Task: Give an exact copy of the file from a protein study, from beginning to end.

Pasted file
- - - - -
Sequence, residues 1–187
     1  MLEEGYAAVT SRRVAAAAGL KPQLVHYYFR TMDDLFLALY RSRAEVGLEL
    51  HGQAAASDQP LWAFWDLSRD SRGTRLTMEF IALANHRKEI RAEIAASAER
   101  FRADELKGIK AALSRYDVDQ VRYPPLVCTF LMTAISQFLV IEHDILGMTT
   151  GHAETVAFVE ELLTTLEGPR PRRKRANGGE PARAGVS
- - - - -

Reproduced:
Sequence, residues 1–187
     1  MLEEGYAAVT SRRVAAAAGL KPQLVHYYFR TMDDLFLALY RSRAEVGLEL
    51  HGQAAASDQP LWAFWDLSRD SRGTRLTMEF IALANHRKEI RAEIAASAER
   101  FRADELKGIK AALSRYDVDQ VRYPPLVCTF LMTAISQFLV IEHDILGMTT
   151  GHAETVAFVE ELLTTLEGPR PRRKRANGGE PARAGVS